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- Emissions focus shifts from VW to BMW
- DAX driven lower by automotive sector
- No respite for Glencore as the shares oscillate around 100p
For the second day in a row shares in Volkswagen have tried to rise, as confirmation that CEO Martin Winterkorn’s resignation and his potential £21 million pension pot continue to sink in. Cynics in the City had instantly assumed that where one had transgressed others would surely follow, and reports in German press today have confirmed that newly-retested BMW results have come in at worse-than-expected levels.
The markets were swift to punish BMW, at one point knocking 10% off the share price. This second German car manufacturer having its reputation tarnished is less of a surprise, especially as the automotive sector is so competitive. The scrutiny that the automotive sector is under is having a particularly detrimental effect on the DAX, as 10% of the equities in the index come from this sector and even more disturbing is the fact that its index weighting is even higher.
The ripple effect from this will reach the four corners of Germany, as it is estimated that as many as one in six work in the automotive industry or an ancillary business.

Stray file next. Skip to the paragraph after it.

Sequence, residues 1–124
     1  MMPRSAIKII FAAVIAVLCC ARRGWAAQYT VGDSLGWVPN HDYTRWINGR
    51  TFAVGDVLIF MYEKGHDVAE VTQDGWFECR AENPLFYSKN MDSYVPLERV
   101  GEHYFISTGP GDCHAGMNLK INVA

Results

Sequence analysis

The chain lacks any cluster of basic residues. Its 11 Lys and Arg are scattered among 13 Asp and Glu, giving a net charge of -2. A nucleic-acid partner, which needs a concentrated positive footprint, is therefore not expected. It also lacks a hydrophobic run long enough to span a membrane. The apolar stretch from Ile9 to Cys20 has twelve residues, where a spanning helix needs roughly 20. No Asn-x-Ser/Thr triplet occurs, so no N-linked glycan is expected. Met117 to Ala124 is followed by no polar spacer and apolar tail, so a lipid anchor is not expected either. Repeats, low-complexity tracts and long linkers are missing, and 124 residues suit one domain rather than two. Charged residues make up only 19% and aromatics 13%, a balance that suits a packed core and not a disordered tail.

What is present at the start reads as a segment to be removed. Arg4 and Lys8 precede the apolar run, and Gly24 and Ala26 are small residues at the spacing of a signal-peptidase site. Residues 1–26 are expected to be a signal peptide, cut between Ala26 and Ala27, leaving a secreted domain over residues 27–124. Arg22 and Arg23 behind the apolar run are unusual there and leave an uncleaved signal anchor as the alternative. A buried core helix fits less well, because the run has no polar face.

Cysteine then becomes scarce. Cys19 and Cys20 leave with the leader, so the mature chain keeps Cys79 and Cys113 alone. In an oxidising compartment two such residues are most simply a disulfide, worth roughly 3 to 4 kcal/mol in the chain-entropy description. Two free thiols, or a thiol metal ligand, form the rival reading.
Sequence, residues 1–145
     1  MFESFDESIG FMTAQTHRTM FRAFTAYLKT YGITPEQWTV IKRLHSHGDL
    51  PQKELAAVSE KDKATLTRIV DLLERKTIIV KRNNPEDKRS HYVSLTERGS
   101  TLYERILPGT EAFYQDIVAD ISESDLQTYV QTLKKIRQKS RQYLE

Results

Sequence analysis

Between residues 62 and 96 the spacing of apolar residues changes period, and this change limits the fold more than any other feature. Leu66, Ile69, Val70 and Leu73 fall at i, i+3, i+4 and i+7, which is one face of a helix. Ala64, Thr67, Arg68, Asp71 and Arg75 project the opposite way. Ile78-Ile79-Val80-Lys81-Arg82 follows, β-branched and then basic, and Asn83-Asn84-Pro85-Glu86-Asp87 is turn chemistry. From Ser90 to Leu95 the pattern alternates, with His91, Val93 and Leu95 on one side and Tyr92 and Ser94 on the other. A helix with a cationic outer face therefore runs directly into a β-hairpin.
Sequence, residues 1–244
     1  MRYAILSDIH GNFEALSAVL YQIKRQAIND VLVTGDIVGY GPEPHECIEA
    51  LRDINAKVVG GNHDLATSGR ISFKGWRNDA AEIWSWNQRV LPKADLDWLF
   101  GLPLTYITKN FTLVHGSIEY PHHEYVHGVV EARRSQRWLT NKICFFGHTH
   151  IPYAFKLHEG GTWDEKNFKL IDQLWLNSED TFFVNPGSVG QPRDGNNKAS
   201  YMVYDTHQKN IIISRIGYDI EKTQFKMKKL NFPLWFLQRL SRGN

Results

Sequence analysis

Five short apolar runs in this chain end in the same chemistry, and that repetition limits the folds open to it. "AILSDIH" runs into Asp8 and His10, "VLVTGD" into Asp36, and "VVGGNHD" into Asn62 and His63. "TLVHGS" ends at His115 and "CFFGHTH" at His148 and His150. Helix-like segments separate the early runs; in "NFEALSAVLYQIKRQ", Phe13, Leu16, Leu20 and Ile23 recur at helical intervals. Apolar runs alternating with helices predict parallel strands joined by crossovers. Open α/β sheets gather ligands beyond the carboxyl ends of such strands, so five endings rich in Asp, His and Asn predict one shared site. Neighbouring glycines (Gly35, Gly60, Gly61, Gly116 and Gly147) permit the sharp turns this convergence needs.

Glencore continues to feel the pain as weakening growth in Asia carries on reducing demand for commodities, threatening to send the shares below the 100p level and becoming a penny stock. As yet, none of the Western economies have shown themselves to be resilient enough to make up this shortfall in demand and the Swiss-based London-quoted company continues to be punished.
European woes have manifested themselves into US traders’ psyche, sending equities tumbling as the realisation that another major corporate indiscretion is sweeping the globe. Lawyers on either side of the Atlantic will be licking their lips in anticipation of 11 million VW owners seeking compensation from the manufacturer’s deceit.
Always a useful barometer of economic growth, Caterpillar’s news today has not done anything to increase optimism as the construction firm could cut as many as 10,000 jobs between now and 2018.
The succession of negative news flow has offered a little respite to embattled gold bugs who have enjoyed a $25 bounce in the precious metal as market conditions continue to wobble.